Sector - Supply Chain

Report shows cost still high for contractors

Delays between material price falling and build costs reducing is leading to soaring costs for contractors according to a new report released by Southern Construction Framework (SCF).

According to SCF’s research, during Q2, building costs increased by an average of three per cent when compared to the previous quarter. An on-going increase is primarily due to inflationary pressures derived from rising utilities and labour costs.

However, data from the Department for Business and Trade’s ‘all work construction material price index’ showed material prices have fallen 1.3% in June, now 2% lower than a year ago.

Kingsley Clarke, SCF Operations Lead for the South West, said: “Our data shows that a drop in material prices is not being fed through the supply chain, with a lag existing between a drop in material costs and overall build cost reduction.

“With insolvencies at near record highs, subcontractors, which have potentially been more greatly impacted by inflation due to lacking economies of scale and working with tight margins, may now be looking to improve margins through keeping costs higher.

“With product prices still being up 12% since January 2022, the fact that there is now deflation on a 12-month basis may therefore have little impact on contractors.”

Labour costs are also having an impact on build costs as they continue to soar, with the ability to fix labour costs remaining a challenge within the industry. A rise in the cost-of-living has resulted in workers requesting an increase in wages, which contractors are reporting has created a highly competitive culture surrounding skilled labour. Trade supply chains have also shared that an increase in staff turnover, is increasingly prevalent.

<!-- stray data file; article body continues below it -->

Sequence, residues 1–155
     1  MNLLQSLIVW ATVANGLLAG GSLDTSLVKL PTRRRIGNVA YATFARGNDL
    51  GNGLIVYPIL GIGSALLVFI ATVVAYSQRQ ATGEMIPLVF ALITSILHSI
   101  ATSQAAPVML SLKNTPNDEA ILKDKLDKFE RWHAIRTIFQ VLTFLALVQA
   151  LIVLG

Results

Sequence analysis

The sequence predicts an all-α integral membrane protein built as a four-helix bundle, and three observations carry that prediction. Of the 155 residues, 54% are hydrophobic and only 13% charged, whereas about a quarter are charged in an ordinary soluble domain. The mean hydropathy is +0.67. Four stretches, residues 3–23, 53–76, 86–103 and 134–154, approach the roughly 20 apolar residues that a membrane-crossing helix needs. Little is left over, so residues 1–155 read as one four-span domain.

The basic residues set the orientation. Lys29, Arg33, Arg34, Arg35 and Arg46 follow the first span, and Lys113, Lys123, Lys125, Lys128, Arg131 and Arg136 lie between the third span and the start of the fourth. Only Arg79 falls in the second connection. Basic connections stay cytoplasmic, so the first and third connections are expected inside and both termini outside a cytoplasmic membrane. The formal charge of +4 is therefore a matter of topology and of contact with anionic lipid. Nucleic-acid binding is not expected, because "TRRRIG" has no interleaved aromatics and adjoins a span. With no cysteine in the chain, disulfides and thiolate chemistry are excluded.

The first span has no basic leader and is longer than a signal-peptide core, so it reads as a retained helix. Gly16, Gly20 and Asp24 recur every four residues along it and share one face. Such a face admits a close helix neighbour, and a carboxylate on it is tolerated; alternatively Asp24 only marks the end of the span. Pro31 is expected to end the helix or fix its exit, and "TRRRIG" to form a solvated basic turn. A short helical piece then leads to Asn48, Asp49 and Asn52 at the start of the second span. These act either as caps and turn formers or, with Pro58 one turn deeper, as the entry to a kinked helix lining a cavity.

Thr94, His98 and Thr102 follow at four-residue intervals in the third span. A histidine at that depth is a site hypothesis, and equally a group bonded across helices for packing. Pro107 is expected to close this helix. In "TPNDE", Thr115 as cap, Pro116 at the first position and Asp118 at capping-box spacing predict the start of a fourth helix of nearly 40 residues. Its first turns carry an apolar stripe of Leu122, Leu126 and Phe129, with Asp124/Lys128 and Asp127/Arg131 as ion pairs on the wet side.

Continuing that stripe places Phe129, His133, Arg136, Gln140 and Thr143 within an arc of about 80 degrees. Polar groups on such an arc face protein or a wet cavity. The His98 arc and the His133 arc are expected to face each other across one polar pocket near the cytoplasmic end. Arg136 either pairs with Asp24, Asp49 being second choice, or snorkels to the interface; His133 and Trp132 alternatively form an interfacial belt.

SCF Main Contractors and their trade supply chain forecast building costs to be 4% greater by Q2 2024. Carpentry & Joinery are predicting the highest increase at 6%, while Brickwork and M&E, and Concrete Frame are predicting increases of between 4 and 5%.

This is supported by BCIS who are forecasting build cost inflation of 3.2% between Q2 2023 and the second quarter of 2024.

Adam Sanford SCF Operations Lead added: “Costs are still high across the industry, and while contractors are expecting a 6% lower increase in building costs over the next year, compared to this time last year, when contractors predicted a 10% increase, many businesses are still feeling the pinch and expecting continued market volatility as inflation remains sticky.

“We operate on a two-stage open book procurement basis, and we strongly believe it’s important to take a collaborative and integrated approach to pricing as this encourages transparency. It means that there are constant discussions around delivery costs as market factors impact a project.”

For a copy of the report: Market Intelligence – SCF (

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